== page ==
You should use the BSD DSS only when there is either no other way to communicate with a device (for example, it is connected to a non-Linux processor) or you require:
- A terminating actual destination for the configurable transform subsystem
- An exit for your own use
The BSD DSS is capable of mapping InfoPrint Manager job and document attributes to options for your destination command. InfoPrint Manager uses the values in the attribute-map attribute to map InfoPrint Manager job and document attributes to options that append the destination-command value. This provides a means to customize the options passed from InfoPrint Manager to your destination command. Each value of the attribute map consists of an InfoPrint Manager attribute name, a colon, and a string containing the option flag to which the attribute maps. InfoPrint Manager appends the value of the attribute after the option flag in the generated command.
For example, if you set your attribute-map attribute to this:
copy-count:-N job-name:-T job-owner:-Dand your destination command is
lprafp -p mpcl -s ip_address, the BSD actual destination would generate this command:
lprafp -p mpcl -s ip_address -N copy_count_value \ -T job_name_value -D job_owner_value filename
The attribute-map attribute defaults to destination-pass-through:-o. Set your attribute-map attribute appropriately for your destination command.
If the destination-pass-through attribute is not mapped on the attribute-map attribute, the contents of this attribute are inserted into the command that the BSD actual destination generates after the job and the document mappings, but before the filename.
For example, if attribute-map=copy-count:-N and the destination command is
lprafp -p mpcl -s ip_addressyou can submit the command:
pdpr -P LogPrt1 -x "copy-count=2" -x "dest-pass-through=-p15" /etc/motdand expect this result:
|From dest-command attribute:||From job/document attribute:||From document's destination-pass-through attribute:||From document file names:|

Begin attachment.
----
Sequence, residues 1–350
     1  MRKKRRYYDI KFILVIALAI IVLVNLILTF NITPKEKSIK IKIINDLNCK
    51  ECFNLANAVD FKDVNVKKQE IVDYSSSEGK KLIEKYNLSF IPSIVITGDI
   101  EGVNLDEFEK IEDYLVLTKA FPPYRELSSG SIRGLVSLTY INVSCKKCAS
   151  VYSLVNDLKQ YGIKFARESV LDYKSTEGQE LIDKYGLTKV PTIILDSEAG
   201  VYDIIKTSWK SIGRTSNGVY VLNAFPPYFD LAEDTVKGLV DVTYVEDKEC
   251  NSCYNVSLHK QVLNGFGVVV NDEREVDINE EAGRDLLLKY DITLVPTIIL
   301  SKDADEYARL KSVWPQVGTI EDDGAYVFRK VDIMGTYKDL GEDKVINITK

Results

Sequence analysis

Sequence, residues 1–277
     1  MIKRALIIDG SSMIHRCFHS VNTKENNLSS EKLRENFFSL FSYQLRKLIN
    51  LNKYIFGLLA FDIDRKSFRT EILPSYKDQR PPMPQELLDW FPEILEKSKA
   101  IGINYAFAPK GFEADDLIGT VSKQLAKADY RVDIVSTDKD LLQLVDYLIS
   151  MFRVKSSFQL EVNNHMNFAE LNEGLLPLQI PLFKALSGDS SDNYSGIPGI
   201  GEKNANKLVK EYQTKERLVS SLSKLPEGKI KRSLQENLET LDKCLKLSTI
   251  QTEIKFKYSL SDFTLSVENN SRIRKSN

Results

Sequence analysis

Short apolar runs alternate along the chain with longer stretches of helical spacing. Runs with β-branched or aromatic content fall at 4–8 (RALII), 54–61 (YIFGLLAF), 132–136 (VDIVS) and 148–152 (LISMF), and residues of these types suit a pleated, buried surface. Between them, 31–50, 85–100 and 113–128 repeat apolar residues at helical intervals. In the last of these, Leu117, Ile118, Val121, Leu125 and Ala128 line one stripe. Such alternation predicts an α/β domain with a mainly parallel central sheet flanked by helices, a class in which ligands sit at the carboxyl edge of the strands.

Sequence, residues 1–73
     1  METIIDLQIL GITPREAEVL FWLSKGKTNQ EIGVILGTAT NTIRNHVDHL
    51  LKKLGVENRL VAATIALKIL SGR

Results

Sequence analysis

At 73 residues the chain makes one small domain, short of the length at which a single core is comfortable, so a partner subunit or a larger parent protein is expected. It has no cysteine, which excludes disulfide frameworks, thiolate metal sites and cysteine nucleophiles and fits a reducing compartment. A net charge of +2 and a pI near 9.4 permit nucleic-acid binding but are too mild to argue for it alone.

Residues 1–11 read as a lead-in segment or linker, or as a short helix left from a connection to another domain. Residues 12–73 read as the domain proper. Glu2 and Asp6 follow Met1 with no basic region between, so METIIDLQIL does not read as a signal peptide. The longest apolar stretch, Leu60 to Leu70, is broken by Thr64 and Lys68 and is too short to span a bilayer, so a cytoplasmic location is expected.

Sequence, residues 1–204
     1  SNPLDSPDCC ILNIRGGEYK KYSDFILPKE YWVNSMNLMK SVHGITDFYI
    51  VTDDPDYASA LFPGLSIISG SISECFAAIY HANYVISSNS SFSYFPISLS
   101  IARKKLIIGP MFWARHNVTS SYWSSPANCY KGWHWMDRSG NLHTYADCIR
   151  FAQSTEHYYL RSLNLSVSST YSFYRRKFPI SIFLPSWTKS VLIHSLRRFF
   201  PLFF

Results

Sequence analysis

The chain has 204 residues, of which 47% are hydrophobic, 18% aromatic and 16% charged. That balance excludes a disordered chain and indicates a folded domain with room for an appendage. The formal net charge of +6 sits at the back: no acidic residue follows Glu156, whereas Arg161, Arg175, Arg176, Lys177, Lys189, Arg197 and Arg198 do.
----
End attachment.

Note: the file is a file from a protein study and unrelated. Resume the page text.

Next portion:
If possible, you should avoid using the BSD DSS to send jobs to printers for these reasons:
- Because InfoPrint Manager does not directly control the printer device, printer status information and error detection are limited. For example, if the remote queue is up, but the printer device cannot print because of a hardware problem, the BSD actual destination remains in a normal state.
- For the same reason, job status information is limited. For example, InfoPrint reports jobs as complete when they have been sent to the remote queue even though the printer device might be down. This means that you should not include BSD actual destinations in a pool. Jobs can be requeued on the remote queue and never actually printed, although other printers in the pool might be capable of printing them.
- Because most remote queues support only one data stream, BSD actual destinations usually accept only a single document format.
- BSD physical printers do not generate auxiliary sheets. The system where the printer device is attached might create auxiliary sheets, but you cannot control them using InfoPrint Manager attributes.
- If a job sent to a BSD actual destination includes multiple data sets, the output might be interleaved with the output from other jobs. For example, if you request two copies of a job, the printer device might print one copy, then another job, then the second copy.